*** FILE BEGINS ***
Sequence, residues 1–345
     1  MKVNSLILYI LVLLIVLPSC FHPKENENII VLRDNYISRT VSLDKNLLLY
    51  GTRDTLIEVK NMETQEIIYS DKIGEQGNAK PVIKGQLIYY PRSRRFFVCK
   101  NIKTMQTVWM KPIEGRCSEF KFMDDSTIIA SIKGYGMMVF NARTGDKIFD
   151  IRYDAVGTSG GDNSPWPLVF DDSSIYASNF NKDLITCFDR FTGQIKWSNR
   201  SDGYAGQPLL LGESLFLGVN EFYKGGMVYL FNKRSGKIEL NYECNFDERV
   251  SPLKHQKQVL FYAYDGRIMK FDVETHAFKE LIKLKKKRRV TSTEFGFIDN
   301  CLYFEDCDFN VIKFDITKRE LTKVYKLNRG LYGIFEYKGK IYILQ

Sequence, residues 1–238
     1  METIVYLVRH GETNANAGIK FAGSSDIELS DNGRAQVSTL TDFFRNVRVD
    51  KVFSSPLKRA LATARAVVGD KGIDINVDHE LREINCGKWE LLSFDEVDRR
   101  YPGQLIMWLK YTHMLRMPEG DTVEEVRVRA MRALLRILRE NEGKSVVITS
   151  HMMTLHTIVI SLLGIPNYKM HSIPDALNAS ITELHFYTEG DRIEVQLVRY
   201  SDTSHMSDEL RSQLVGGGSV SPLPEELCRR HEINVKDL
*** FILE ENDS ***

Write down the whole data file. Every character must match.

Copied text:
Sequence, residues 1–345
     1  MKVNSLILYI LVLLIVLPSC FHPKENENII VLRDNYISRT VSLDKNLLLY
    51  GTRDTLIEVK NMETQEIIYS DKIGEQGNAK PVIKGQLIYY PRSRRFFVCK
   101  NIKTMQTVWM KPIEGRCSEF KFMDDSTIIA SIKGYGMMVF NARTGDKIFD
   151  IRYDAVGTSG GDNSPWPLVF DDSSIYASNF NKDLITCFDR FTGQIKWSNR
   201  SDGYAGQPLL LGESLFLGVN EFYKGGMVYL FNKRSGKIEL NYECNFDERV
   251  SPLKHQKQVL FYAYDGRIMK FDVETHAFKE LIKLKKKRRV TSTEFGFIDN
   301  CLYFEDCDFN VIKFDITKRE LTKVYKLNRG LYGIFEYKGK IYILQ

Sequence, residues 1–238
     1  METIVYLVRH GETNANAGIK FAGSSDIELS DNGRAQVSTL TDFFRNVRVD
    51  KVFSSPLKRA LATARAVVGD KGIDINVDHE LREINCGKWE LLSFDEVDRR
   101  YPGQLIMWLK YTHMLRMPEG DTVEEVRVRA MRALLRILRE NEGKSVVITS
   151  HMMTLHTIVI SLLGIPNYKM HSIPDALNAS ITELHFYTEG DRIEVQLVRY
   201  SDTSHMSDEL RSQLVGGGSV SPLPEELCRR HEINVKDL